Change is a constant force. Continuous learning enables employees and employers to capitalize on change and be ready to face upcoming challenges and remain competitive. In this article, I explain how to build a business case for continuous learning.
Why Is Continuous Learning and Development a Necessity for Employers and Employees in Organizations?
The workplace is in constant flux, especially but not solely limited to knowledge work. Considering the challenges of today’s market, upskilling and reskilling workers is now more important than in the past. Continuous learning and development facilitates the ongoing development of skills and capabilities, enabling employees and employers to keep up with, and perhaps even lead, the changing workplace.
Those businesses who build a case for and follow through with a plan for continuous learning and development are more able to remain competitive. Those who don’t will likely fall behind the competition and are likely to be impacted by upstart firms (who have the continuous learning focus).
How Do Employees Benefit from Continuous Learning in the Workplace?
Employees often site learning and development opportunities offered by a company as one of the most important factors when considering a job offer.
- Employees benefit from continuous learning and development as they keep their skills sharp, develop new skills, and prepare for their next role.
- Learning engages employee creativity, sparking innovation in process and products.
- Mastery of a skill is one of the three pillars to engage employees (the other two are autonomy and purpose).
How Do Employers Benefit from Continuous Learning in the Workplace?
Employers benefit from continuous learning and development as they build a highly skilled, engaged, and productive workforce. There is a direct correlation that these factors have on the bottom line.
Upskilling and reskilling employees helps employers stay ahead of their competition. Upstart firms often develop strategies, technologies, and products that upset the market, but companies who continuously develop their employees see those new strategies, technologies, and products before their competition. Innovation thrives in an environment of learning.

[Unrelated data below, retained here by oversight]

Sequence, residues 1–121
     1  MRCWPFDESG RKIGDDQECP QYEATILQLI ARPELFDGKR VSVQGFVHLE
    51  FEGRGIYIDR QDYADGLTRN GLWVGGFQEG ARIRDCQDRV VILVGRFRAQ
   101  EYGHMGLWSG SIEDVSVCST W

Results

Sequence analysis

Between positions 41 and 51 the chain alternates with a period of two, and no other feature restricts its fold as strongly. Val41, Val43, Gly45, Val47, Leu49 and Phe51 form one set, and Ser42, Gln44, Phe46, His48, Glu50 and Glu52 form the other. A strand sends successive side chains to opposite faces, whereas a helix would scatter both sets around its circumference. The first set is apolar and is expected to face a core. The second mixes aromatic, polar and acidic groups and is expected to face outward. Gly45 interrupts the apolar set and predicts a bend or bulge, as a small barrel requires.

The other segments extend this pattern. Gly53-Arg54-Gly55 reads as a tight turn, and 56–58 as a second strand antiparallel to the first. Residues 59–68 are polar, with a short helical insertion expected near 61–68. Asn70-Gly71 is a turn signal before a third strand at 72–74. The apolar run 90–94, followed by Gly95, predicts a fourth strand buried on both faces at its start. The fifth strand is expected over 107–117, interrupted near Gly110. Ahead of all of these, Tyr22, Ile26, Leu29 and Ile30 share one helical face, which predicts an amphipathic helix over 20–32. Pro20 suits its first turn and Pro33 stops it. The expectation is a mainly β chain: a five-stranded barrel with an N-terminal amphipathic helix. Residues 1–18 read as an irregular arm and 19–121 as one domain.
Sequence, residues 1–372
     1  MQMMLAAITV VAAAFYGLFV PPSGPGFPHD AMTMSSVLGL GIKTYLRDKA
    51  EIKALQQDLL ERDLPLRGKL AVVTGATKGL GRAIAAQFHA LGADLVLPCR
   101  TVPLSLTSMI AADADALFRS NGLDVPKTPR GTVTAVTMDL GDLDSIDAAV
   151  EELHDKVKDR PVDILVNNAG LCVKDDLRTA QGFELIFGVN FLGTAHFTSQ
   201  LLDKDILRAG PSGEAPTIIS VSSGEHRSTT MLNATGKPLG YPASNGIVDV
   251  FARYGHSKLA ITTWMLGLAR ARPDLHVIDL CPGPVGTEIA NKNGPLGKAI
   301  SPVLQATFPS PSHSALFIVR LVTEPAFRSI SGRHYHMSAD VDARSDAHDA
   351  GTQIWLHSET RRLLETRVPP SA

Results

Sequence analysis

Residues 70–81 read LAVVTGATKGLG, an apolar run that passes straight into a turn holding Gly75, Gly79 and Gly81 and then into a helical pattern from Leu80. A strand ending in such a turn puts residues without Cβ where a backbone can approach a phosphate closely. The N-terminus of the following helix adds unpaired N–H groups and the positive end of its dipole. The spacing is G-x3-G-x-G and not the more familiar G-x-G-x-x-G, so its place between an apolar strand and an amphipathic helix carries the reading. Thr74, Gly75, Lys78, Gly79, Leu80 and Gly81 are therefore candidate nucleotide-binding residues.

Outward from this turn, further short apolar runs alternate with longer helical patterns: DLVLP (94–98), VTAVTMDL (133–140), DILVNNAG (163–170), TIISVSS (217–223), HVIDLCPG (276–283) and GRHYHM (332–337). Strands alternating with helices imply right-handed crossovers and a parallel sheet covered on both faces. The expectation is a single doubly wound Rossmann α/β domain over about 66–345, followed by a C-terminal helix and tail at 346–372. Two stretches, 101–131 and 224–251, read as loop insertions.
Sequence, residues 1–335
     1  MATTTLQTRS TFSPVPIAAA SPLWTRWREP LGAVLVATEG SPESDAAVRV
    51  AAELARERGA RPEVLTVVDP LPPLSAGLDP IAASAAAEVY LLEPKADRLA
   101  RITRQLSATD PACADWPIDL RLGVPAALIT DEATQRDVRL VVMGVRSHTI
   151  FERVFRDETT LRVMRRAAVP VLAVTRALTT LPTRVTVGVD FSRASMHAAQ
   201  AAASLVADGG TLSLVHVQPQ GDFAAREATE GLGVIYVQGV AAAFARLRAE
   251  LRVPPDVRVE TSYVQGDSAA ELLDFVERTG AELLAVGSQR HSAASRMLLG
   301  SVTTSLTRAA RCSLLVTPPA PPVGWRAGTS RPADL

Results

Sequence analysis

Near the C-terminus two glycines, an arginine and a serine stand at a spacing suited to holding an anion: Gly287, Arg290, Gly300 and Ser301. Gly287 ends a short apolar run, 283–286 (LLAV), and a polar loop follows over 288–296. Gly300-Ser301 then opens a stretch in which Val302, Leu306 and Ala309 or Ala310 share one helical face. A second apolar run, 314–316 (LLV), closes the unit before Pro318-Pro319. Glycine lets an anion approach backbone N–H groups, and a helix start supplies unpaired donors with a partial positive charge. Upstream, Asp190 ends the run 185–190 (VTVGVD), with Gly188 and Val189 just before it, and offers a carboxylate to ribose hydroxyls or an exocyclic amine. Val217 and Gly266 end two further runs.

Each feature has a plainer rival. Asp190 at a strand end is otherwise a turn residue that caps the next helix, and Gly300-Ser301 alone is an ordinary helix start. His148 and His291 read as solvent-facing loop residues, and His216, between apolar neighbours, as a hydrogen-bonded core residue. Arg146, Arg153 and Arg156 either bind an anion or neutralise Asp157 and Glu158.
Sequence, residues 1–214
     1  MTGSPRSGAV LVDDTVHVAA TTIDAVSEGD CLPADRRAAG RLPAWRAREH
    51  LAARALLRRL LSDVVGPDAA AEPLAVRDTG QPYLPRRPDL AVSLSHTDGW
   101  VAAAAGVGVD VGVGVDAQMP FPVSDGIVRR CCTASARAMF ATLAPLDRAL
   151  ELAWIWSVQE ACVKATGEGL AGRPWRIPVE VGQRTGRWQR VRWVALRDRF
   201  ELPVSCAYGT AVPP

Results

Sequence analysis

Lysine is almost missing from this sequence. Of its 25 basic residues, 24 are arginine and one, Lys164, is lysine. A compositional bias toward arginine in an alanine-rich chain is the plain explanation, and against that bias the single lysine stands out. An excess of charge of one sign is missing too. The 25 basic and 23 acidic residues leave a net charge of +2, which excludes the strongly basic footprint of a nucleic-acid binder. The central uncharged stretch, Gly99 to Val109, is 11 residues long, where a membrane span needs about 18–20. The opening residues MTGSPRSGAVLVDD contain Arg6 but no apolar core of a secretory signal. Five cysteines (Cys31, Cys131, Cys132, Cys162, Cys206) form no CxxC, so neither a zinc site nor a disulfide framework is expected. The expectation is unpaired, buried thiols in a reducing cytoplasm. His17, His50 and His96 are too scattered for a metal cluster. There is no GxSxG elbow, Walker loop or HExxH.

Employees are more engaged when learning continuously. Happier employees are more dedicated to the mission and strategy of a company, removing much of the pressure for recruiting, hiring, and onboarding new employees. As tenure increases, teams can form more cohesive units working efficiently and effectively.
Companies can build leadership skills, ensuring that their management and executive teams can quickly backfill vacated roles. Strong individual and team leadership is difficult to recruit. Developing that within a company ensures long-lasting competitive advantages for employers.
Making a Business Case for Continuous Learning in the Workplace – The Process
When making a business case for continuous learning and development (that upskills and reskills employees), call out the following factors:
- Continuous learning helps create agility within organizations. Organizations can quickly react to changing market needs or, more importantly, can create those changes in the market.
- Organizations can reskill employees rapidly so that their competencies match those required by dynamic customer requests and expectations.
- As employees learn to learn, they become more agile They become better at seeing the big picture, thinking strategically, and then executing tactical plans. They can evaluate progress on the fly and make changes when needed.